The Lagos State government seems to be overlooking the huge impact of religious tourism to the state’s economy.
Considering the high in-flow of religious tourists to the state based on the pedigree of the churches like the Synagogue, Redeem, Winners among others churches that attract high number of worshippers from across the globe in their monthly, and quarterly programmes in Lagos.
With the current prosecution of the general overseer of the Synagogue Church of All Nation, Prophet T.B Joshua, activities at the church has been reduced to the lowest ebb in recent time.
Against this development, the operators of tourism enterprises in Ikotun, a Lagos suburb have sent a Save-Our-Soul appeal to the Federal and Lagos State government over the current plight of the Synagogue Church of All Nations and its leader, Prophet T.B. Joshua. According to them, as a result of the impasse, they and their dependents are facing serious hardship. They said they are finding it difficult feeding and taking care of their families. Among those that spoke were members of the hotel owners, cab drivers, food vendors, hair stylists, commercial motorcycle operators and others.
One of the hotel owners in Ikotun, Chief Jerry Omorodion, who spoke on the issue, said it was unfortunate the situation has degenerated. He said: “There was an accident and many lives were lost. This is unfortunate. The state government is doing the right thing by setting up a commission of enquiry to look into the cost of the unfortunate disaster. No responsible government would see such a thing happen and fold its arms without finding the cost and proffering solution on how to avoid such in future.
“Our discomfort, however, is that the issue is not being treated as accident in a tourist destination that welcomes thousands, if not millions of tourists, both local and international, annually. It is important that the state government should be mindful of the role the church plays in the spiritual lives of people. Millions of people flock here for solution to their physical ailments and spiritual craving. The state government, I am sure, are aware of the role the church plays in the life of the people of Ikotun. We depend on these pilgrims and religious tourist visitors for our livelihood.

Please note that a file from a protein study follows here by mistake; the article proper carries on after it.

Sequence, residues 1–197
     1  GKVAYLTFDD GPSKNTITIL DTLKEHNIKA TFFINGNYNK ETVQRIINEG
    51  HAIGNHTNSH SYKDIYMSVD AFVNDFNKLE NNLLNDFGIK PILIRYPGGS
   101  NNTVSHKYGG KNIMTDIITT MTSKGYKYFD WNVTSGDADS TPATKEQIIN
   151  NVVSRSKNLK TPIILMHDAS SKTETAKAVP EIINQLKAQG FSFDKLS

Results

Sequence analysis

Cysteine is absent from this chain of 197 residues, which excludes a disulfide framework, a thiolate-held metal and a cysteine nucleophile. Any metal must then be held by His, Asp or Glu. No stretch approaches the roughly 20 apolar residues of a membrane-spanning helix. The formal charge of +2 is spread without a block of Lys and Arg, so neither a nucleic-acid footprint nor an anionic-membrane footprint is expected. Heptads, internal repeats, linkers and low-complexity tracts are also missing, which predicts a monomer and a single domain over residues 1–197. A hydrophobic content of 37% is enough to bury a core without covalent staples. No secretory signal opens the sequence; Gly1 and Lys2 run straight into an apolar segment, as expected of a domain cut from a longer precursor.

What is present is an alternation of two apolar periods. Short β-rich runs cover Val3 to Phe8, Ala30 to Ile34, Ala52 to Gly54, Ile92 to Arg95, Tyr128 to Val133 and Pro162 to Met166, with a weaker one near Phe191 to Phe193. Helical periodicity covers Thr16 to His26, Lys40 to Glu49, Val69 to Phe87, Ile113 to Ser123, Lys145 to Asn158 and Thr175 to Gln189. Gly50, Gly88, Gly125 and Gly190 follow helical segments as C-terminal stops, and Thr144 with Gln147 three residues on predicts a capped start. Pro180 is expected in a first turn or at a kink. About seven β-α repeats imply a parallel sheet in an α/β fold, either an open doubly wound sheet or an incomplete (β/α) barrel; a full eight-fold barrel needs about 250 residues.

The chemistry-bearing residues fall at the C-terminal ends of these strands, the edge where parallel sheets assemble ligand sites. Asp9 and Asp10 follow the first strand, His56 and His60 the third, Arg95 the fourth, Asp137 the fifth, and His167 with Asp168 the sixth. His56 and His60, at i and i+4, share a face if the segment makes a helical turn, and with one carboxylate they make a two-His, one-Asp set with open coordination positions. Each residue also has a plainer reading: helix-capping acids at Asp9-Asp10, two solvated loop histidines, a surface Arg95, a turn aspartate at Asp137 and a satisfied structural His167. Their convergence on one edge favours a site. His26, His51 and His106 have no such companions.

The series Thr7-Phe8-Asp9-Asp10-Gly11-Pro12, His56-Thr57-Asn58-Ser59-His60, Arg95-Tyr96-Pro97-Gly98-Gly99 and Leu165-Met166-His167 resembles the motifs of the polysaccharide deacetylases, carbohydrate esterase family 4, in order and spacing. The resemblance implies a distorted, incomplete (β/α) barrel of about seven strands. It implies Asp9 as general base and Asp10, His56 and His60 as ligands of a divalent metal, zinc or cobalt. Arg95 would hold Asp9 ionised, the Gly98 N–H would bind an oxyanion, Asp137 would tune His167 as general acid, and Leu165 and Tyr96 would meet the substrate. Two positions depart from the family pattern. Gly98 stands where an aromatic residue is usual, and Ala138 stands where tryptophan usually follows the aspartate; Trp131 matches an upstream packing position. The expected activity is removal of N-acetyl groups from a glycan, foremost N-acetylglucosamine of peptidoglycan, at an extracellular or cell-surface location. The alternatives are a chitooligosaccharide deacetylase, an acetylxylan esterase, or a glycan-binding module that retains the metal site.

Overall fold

“We saw what happened in Saudi Arabia where close to 2,000 persons lost their lives. There have been tragedies in tourist destinations like Kenya and Paris. But they moved forward. The government should do its job but the destination and what brings people to there should not be made victims and they should remember that we and our family members are facing difficult times. We have no other means of livelihood outside the ancillary services for offer to pilgrims visiting Ikotun.”


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